This Japanese pork cutlet – also called baked Tonkatsu – has an irresistible panko breading. When you bake it instead of deep-frying it, you cut at least half the calories while keeping all the flavor. You are going to love this classic and easy recipe!
What Is A Japanese Pork Cutlet?
Tonkatsu is a pork cutlet, usually fillet or loin, that’s coated in cornstarch, egg, and panko (bread) crumbs. Traditionally, it is fried served with tonkatsu sauce and some cabbage.
While the classic version is very good, there is always room for improvement! I made some changes to the standard pork cutlet recipe to cut down on the mess and extra calories. I am sure it will be love at first bite!
Why You Will Love Baked Tonkatsu
Trust me, one bite of these irresistible cutlets and you’ll be a believer! The first thing you’ll notice is the salty and crunchy breading. Then, your teeth sink into the juicy, tender, savory pork. You won’t need any extra sauces – it is pure culinary perfection on its own.
Even though you are not frying the cutlets, they still turn out just as crispy and juicy. When you bake them, they are so much healthier for you than when you fry them. Plus, you won’t have to clean up the oil and fryer when you are done.
This pork dish is the perfect main course to serve for yourself or for your family. Since they are so easy to make, you’ll be able to feed a large crowd without breaking a sweat.
Ingredients In Baked Tonkatsu
There are only four simple ingredients in these delicious pork cutlets. You probably already have everything you need in your refrigerator or pantry! Here is a bit more information about each one.
- Pork: Use either pork roast or loin and slice it really thin – about 1 cm thick.
- Cornstarch: This is for the crispy coating on the outside of your pork. If you don’t have cornstarch, you can use flour as a replacement.
- Egg: This is very important and helps all the breading ingredients stick together.
- Panko Bread Crumbs: Panko are a specific type of breadcrumb. Normal breadcrumbs can work in a pinch, but they do not have the same texture or taste.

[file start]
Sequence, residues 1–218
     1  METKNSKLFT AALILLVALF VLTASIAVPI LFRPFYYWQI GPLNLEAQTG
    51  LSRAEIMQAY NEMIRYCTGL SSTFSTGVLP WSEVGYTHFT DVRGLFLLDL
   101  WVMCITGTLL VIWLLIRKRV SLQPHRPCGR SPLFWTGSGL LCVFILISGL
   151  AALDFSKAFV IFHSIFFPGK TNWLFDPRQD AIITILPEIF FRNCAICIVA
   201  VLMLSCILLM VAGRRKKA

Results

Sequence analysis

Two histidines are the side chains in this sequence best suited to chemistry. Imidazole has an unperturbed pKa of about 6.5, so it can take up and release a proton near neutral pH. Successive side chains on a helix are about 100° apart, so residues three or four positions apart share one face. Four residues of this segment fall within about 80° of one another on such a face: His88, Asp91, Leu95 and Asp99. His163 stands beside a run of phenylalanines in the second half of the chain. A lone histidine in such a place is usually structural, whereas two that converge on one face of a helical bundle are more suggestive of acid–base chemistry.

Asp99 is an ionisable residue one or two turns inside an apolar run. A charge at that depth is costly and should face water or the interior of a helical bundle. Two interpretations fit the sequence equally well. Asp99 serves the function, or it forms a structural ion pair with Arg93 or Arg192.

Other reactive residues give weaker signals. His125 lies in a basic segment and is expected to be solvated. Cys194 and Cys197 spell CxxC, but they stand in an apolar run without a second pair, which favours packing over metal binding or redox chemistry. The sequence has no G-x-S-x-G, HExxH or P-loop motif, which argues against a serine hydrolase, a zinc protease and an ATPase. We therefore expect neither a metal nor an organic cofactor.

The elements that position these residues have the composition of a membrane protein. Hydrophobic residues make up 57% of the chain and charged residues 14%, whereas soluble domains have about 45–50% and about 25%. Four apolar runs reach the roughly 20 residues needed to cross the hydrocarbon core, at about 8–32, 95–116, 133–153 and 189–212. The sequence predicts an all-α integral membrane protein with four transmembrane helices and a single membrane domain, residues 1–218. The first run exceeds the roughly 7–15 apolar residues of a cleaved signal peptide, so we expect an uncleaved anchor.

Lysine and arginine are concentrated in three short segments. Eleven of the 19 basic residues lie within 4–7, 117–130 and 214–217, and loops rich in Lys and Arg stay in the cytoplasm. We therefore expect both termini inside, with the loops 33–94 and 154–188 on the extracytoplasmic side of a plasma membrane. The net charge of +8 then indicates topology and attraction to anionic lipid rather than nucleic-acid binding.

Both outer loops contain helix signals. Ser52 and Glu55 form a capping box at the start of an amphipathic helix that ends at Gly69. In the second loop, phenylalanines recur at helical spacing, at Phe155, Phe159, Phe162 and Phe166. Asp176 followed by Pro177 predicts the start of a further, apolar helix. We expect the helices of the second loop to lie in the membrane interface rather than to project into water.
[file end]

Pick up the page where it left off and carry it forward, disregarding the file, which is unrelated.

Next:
What To Serve With Japanese Pork Cutlets
Tonkatsu makes a fantastic entree because you can eat it by itself or with some simple steamed or sauteed vegetables. One of my favorite side dishes to serve with it is green peas and rice. It’s quick to put together and adds color to your table.
For a little more sweetness, make some simmered kabocha squash. It has a nutty taste with the perfect amount of mirin and sugar.
You can also add these cutlets to a bunch of other dishes too. One of my favourite tonkatsu variations is ‘katsu-sando’, which is the tonkatsu in a sandwich; it has a robust flavour but isn’t as healthy as this baked recipe.
Other favourite tonkatsu dishes are ‘katsu-karee’, which is Japanese curry rice with the tonkatsu on top, and also ‘katsu-don’, which is rice topped with the tonkatsu and a sweet, egg, onion, and soy sauce mixture.
Frequently Asked Questions About Baked Tonkatsu
Before I share the printable recipe card, here are some questions people often ask about how to make Japanese pork cutlets.
The easiest way to cut thin pork cutlets is to buy an entire pork loin at the grocery store and ask the attendants behind the meat counter to slice it for you. Ask them to slice each piece 1cm thick.
Yes, it is very important to make sure each slice is the same exact size. Since they will all be baking in the oven together, you want to make sure that some don’t burn while other pieces are undercooked.
The safe cooking temperature of pork is 145 ºF or 63 degrees C.
More Japanese Pork Recipes
Here are some more authentic Japanese recipes that are made with pork.
- Pulled Pork Bao Buns
- Ramen Pork Chashu
- Rafute Okinawan Braised Pork Belly
- Ginger Pork Shogayaki
- Slow Cooker Pulled Pork With Japanese Plum Sauce
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Baked Tonkatsu (Japanese Panko Crumbed Pork Cutlet)
- 200 g thinly cut 1cm thickness Pork loin
- 2 tsp cornstarch
- 1 egg
- 20 g Japanese panko crumb
- Preheat the oven to 180c (356f)
- Cook the panko bread crumbs in a frying pan over low heat until golden brown.
- Remove the panko from the heat and set it aside.
- Wrap the pork loin in saran wrap and microwave it for 1 minute so the meat is slightly cooked.
- Remove the cling wrap and soak up the excess liquid off the pork with a paper towel.
- Put the pork on a plate and use a sifter and sprinkle the cornstarch over both sides of the pork.
- Crack the egg in a bowl and scramble it a little then dip the pork into the egg to coat it.
- Pour the panko in a shallow pan or a plate and coat the pork in it.
- Put all the coated pork cutlets on a baking tray and bake for about 10-15 minutes.
- Once baked, serve with rice, miso soup, and vegetables.